Last week, as part of new versions of iOS and OS X, Apple consolidated every iPhone user's Apple ID and phone number, merging them into one ubiquitous profile. These profiles can chat over iMessage, which is Apple's take on BlackBerry Messenger, except it works on both computers and on mobile devices. This means that you can text a friend's iPhone from your Mac. On the whole, sending messages works great (aside from some goofy visual bugs in the Mac app itself), and requires very little set up. So at last, the average human being can "text" from a computer.
At last, the average human being can "text" from a computer
Several other companies have been chasing the holy grail of messaging synced across all your gadgets, but none of them have made it as easy as Apple now has. Google Voice has for years been letting you text from a computer or mobile device, but you have to get a new phone number, and there's no MMS or read receipts. Facebook has also been pushing messaging on desktop, but beats Google with its excellent Messenger apps for both Android and iPhone. Facebook messaging works great, and won't even buzz your phone with a new message if you're logged in on your computer like iMessage will. But, it hasn't caught on as a de facto way to communicate short-form messages, and neither has texting with Google Voice. So what's the difference? Neither service is attached to your phone number (perhaps the most important unique identifier any of us possess in this day and age), and both require you to set up service or download an application.
One of the things that made BBM so wildly successful (and was perhaps one of the main drivers behind the BlackBerry boom a few years ago) was that a BBM PIN came on your phone, and didn't require you to download any apps. It "just worked," and made instant messaging with friends from a mobile device feel native. BBM was one of the first data-based instant messaging platforms on mobile that included read receipts, actual smiley graphics, group messaging, and attachable media. Unfortunately, Research In Motion offered no BBM client for computers, which is a problem because many of us spend our days in front of computers with large keyboards we'd just love to use for chatting with friends. So we inevitably email friends while at work, or use chat apps with stagnant protocols (ex. AIM, Google Talk), which lack features like read receipts and conversations that can be synced across different clients.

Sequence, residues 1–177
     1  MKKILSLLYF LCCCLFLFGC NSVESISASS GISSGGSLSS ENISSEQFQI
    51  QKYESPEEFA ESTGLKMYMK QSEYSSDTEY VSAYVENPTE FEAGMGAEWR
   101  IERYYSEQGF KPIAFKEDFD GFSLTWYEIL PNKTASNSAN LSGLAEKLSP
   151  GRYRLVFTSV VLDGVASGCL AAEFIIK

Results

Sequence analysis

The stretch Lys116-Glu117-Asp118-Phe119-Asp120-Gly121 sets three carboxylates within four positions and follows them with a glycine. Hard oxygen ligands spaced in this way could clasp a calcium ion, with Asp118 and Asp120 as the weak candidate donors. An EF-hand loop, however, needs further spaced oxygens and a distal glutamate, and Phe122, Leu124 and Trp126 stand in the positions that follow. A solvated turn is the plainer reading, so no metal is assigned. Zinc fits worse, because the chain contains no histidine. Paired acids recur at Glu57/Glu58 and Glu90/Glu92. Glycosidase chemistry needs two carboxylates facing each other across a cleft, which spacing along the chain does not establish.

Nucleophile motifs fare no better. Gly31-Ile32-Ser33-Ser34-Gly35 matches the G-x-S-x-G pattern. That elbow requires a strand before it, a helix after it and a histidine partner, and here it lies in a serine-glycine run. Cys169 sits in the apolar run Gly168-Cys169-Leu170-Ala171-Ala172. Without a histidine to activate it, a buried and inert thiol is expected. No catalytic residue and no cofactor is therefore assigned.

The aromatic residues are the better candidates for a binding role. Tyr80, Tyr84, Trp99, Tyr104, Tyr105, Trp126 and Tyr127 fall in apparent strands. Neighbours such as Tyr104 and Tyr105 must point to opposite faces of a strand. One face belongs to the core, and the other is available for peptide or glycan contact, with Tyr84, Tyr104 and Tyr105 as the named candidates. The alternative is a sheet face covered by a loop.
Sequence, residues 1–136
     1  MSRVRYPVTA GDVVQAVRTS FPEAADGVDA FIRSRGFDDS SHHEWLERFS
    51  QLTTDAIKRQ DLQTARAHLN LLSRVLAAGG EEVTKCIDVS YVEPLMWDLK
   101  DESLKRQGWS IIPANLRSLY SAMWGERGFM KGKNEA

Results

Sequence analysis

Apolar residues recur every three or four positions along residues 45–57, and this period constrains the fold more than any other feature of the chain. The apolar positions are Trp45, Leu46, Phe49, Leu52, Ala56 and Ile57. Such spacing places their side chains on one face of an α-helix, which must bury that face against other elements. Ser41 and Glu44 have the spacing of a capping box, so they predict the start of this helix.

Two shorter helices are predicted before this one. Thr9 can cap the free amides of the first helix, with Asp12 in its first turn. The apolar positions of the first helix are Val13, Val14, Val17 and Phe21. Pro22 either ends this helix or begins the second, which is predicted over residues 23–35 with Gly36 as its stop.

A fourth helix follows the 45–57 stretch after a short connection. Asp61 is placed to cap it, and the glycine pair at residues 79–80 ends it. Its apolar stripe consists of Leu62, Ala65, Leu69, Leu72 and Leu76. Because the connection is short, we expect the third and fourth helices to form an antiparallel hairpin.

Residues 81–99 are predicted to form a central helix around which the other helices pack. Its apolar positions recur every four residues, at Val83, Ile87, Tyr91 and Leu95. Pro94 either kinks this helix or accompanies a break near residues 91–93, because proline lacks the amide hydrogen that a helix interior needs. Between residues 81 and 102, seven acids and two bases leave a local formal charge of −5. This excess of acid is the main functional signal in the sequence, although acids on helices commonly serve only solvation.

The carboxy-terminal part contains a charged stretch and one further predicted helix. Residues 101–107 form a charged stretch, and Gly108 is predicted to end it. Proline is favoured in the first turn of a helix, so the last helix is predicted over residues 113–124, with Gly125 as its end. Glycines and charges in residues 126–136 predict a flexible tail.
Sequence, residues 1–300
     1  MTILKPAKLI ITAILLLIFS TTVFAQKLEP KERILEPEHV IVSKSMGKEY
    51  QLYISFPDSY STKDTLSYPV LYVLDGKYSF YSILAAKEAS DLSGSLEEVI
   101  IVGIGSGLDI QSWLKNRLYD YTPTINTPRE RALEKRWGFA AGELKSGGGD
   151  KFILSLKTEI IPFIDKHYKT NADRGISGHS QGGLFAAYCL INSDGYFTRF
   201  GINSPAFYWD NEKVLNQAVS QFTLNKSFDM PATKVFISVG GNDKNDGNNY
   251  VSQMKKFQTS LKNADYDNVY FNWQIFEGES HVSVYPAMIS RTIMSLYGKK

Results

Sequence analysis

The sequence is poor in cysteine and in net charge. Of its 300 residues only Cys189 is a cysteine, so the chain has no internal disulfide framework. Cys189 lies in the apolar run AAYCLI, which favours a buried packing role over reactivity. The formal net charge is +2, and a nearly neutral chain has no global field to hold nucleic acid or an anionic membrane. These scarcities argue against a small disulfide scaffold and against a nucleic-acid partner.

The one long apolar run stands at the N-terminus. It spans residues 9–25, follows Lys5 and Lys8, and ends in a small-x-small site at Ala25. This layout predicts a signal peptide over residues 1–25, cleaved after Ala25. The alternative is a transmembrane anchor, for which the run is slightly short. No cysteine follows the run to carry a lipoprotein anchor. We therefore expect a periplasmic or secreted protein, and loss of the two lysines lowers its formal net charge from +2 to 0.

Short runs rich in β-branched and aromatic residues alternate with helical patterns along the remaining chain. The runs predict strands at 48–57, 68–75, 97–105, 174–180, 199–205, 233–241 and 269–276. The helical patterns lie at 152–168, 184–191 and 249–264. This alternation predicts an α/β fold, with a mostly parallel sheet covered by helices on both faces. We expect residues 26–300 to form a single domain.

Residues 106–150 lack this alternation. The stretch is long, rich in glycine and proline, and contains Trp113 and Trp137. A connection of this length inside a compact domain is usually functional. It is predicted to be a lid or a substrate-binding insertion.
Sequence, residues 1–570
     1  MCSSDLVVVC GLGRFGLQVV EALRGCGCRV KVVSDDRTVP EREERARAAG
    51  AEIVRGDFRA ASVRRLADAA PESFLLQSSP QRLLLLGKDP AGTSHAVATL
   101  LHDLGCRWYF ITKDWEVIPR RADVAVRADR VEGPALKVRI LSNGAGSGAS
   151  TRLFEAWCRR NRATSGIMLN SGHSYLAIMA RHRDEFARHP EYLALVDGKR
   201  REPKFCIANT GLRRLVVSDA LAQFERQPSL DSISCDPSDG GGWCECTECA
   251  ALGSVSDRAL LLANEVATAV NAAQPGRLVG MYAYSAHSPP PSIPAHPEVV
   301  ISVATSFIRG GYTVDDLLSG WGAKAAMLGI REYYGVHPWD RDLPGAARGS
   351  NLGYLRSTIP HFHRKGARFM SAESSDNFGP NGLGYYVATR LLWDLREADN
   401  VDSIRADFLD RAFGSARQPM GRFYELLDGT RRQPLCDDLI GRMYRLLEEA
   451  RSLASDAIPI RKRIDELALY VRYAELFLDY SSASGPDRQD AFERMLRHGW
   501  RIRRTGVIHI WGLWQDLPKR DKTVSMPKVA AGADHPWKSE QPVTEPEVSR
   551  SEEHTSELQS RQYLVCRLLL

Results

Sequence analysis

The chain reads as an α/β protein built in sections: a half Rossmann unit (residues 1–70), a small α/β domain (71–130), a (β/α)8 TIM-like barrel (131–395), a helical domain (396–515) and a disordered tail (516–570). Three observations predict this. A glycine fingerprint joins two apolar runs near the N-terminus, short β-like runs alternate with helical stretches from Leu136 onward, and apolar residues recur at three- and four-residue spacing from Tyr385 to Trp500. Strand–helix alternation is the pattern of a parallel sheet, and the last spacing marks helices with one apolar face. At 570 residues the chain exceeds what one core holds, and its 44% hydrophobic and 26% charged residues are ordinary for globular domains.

With over a billion users, Facebook is in the best position to challenge Apple. It's been building its messaging team for years: the company got started when it purchased Beluga, a mobile messaging outfit that now builds its Messenger apps. The company integrated messaging directly into texting conversations on Windows Phone years ago, and last week pushed out an update to its Android app that threads Facebook messages and texts from your phone inside one persistent conversation. Facebook Messenger for iPhone will never be able to boast this feature (due to current restrictions in iOS), but does offer super-simple group chats, the ability to ping your location to a friend from inside the chat window, and new chat bubbles like you might find in a texting app (hint, hint). You can even silence notifications from a specific conversation or person for a specific period of time. And of course, all of yours chats are archived, which can be really useful (but also scary, at first). Facebook has been rapidly updating its Messenger platform, and shows no signs of stopping.
Facebook has been very rapidly updating its Messenger platform, and shows no signs of stopping
Feature-wise, the Facebook Messenger and iMessage platforms are pretty neck and neck, but each offers a few distinct advantages. Most importantly, Facebook intelligently doesn't push messages to your phone while you're chatting on its website, while Apple does. It's pretty obnoxious having all your iOS devices light up at once. Additionally, Facebook Messenger is much more flexible, working on Windows, Mac, iOS, Android, Windows Phone, BlackBerry, and more. Apple's advantage is once again the phone number, which really ceases to become a phone number (since your iMessages are routed through Wi-Fi or your phone's data network), and is instead just one of many identifiers tied to your Apple ID. Apple's platform ships out of the box on its quite-popular devices, works automatically (when you text a friend with an iOS device or Mac), and doesn't ask you to hand over your texts to Facebook — an idea that's scary for many, though the company has never suffered a data breach of user data.
It doesn't matter that iMessage is really just a glorified new instant messaging platform. What matters is that for the average person, texting from a computer is now within reach. The average person can start chatting on one device and pick up the same conversation on another. A ubiquitous and continuous out-of-the-box messaging experience is here that's easy enough for anyone to use. If we're prepared to give up our archaic phone number identities in favor of identities tied to our names (like on Facebook), we might be getting close to messaging nirvana: the point where all your short-form communication, like all your long-form communication, is synced between all your devices.
Until then, Apple's iMessage platform will spread to the hundreds of millions of Macs and iOS devices out there, becoming the platform BBM always should've been. But inevitably, Android and Windows, the predominant desktop and mobile platforms in the world (by market share) will get left out. iMessage's perceived ubiquity is mainly a result of the fact that iOS is everywhere, but Facebook's trump card may be the fact that it's much closer to matching SMS's platform independence. And ultimately, it's going to take platform independence to dethrone SMS in some distant and wonderful future.